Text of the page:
clawbacks on rest and meal breaks (the employer doesn’t need to provide these if it’s “unreasonable”)

    To be honest, if I was in a plane that was about to land, I’d be a little nervous if the pilot said that he had worked 4 hours and was due a rest or meal break. It’s all about common sense.

    If you’ve read the Employment Relations Act, you’ll know that if employers don’t provide breaks, then they must provide compensation. It needn’t be money, it could be time off.

    s69ZEA
    Compensatory measures
    (1) An employer is exempt from the requirement to provide rest breaks and meal breaks in accordance with section 69ZD(1)—
    (a) to the extent that the employer and the employee agree that the employee is to be provided with compensatory measures; or
    (b) if paragraph (a) does not apply, only to the extent that, having regard to the nature of the work performed by the employee, the employer cannot reasonably provide the employee with rest breaks and meal breaks.
    (2) To the extent that an employer is not required to provide rest breaks and meal breaks under subsection (1), an employee is entitled to, and the employee’s employer must provide the employee with, compensatory measures.

    • One Anonymous Bloke 10.1

      To be honest, your defence of this shit marks you as a low life.

      • Ross 10.1.1

        My defence? I was simply pointing out that if employees don’t receive rest breaks, they’re entitled to compensation.

        • One Anonymous Bloke 10.1.1.1

          I withdraw my accusation that you are a low-life.

          It’s entirely possible that you are simply ignorant or stupid.

          • Ross 10.1.1.1.1

            Thanks for your positive contribution. At least you now have the benefit of knowing what the law is. One of us is less ignorant than we were.

    • millsy 10.2

      I do not think it is unreasonable for a pilot to have a break after he lands a plane.

    • Siobhan 10.3

      So you’re happy to have a hungry tired ambo, who’s been dealing with car crashes, drunks, OD’s and domestic violence all night long, looking after you at 4 am when you’ve just had a heart attack? Just as long as they’re getting an extra day off next week, should be ok then…right??

    • Guerilla Surgeon 10.4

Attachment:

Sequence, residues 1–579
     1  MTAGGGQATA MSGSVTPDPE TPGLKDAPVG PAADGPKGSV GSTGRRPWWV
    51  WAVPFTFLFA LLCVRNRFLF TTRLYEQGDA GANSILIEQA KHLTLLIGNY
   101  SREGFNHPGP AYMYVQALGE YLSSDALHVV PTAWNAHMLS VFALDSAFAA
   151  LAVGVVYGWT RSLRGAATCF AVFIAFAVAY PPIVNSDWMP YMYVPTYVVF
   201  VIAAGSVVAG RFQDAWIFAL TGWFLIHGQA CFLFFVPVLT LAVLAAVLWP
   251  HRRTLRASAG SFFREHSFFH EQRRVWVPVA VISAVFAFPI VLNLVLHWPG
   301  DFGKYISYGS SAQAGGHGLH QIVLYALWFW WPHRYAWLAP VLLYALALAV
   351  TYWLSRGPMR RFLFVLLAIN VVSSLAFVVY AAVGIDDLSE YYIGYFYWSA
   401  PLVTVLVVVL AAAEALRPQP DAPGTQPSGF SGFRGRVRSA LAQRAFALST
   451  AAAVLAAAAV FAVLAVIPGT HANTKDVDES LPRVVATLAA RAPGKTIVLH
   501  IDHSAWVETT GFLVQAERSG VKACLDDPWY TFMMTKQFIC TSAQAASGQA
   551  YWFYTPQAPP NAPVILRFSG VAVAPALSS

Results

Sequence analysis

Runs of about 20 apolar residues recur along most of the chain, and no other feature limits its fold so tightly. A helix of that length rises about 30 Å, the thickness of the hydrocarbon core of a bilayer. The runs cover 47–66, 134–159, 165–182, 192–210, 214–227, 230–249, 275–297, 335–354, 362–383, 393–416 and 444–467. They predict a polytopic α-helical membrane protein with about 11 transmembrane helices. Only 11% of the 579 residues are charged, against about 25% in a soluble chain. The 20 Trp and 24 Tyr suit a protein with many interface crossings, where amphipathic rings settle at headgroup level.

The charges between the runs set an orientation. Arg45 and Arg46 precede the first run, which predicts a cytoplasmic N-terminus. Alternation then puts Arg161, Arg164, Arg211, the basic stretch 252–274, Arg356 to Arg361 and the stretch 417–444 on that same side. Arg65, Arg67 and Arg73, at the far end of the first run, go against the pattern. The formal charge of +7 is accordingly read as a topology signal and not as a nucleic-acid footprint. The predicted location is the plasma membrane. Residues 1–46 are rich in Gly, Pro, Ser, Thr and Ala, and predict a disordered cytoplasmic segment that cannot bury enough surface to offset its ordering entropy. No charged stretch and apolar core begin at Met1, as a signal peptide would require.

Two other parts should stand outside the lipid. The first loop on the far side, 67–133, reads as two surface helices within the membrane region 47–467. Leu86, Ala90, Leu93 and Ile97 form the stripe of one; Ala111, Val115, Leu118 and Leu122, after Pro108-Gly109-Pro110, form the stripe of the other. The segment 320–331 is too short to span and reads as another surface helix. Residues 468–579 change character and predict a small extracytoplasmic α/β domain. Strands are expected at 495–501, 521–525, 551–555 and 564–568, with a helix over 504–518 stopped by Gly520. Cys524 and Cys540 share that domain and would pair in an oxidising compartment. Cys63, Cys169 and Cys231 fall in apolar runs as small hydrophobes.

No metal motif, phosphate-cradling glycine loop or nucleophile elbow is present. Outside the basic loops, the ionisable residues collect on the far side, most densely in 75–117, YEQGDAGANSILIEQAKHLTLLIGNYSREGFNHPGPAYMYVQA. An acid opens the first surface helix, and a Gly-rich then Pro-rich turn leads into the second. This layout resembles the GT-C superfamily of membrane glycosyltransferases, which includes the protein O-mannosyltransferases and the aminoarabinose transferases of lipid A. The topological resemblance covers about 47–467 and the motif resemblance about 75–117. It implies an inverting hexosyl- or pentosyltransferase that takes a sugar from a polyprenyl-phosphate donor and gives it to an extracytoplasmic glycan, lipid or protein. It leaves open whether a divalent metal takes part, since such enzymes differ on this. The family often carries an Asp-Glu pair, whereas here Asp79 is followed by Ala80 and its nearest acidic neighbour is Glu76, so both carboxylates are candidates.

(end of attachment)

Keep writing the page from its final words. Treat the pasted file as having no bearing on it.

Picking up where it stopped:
“(a) to the extent that the employer and the employee agree that the employee is to be provided with compensatory measures.”

      And of course the employee’s opinion will be taken into account – yeah right.

      Anyway, what I originally intended to say was that there is not a great deal saintly about St John’s ambulance anymore.

    • red-blooded 10.5

      Reply to Ross:
      1) Having flexibility about the timing of breaks isn’t the same as having no breaks.
      2) Ever heard of co-pilots? What about autopilots? (Not for landing the plane, but for giving the pilot a break before this stage of things.)

      This clause isn’t about public safety, it’s about saying that it’s OK for someone working alone in a shop (or a similar situation) to be stuck there all day with no break.

      Anyway, it’s the pattern of changes I’m commenting on. Can you find some examples of changes to employment law under National that have favoured workers and strengthened collective bargaining?

      • Ross 10.5.1

        You missed my point red blooded. I never said flexibility was the same as having no breaks. I said employees must – not should – be compensated if they cannot have breaks. But when breaks are taken is a matter of common sense.

  11. BM 11

    Having spent quite a bit of time doing work around all the different St Johns bases, this requiring officers to work 9-hour shifts without a break isn’t particularly factual.

    Every St-Johns base I’ve visited has a lounge, with a TV, DVD, SKY etc as well as full kitchen facilities.

    During a shift, a lot of time is spent watching TV etc waiting for the bell to go off, sure you don’t get a 15-minute smoko every couple of hours but you do get quite a bit of downtime, surely that downtime should be considered a break?

    • mickysavage 11.1

      How long since you worked in the industry BM?

    • Sabine 11.2

      waiting for the bell to go off is not a break.

      signed partner of a voluntary first responder who has spend a many great days and nights on her own cause the bell went off.

      and if the bell goes of three or four times a night and you run for your truck and honk your horn and go about business you get tired, you get hungry, you get dirty and you get sad many many times if you come to late.

      Remind yourself every now and then that people are not 0 and 1. You don’t just plug in and out and lookit, it works again.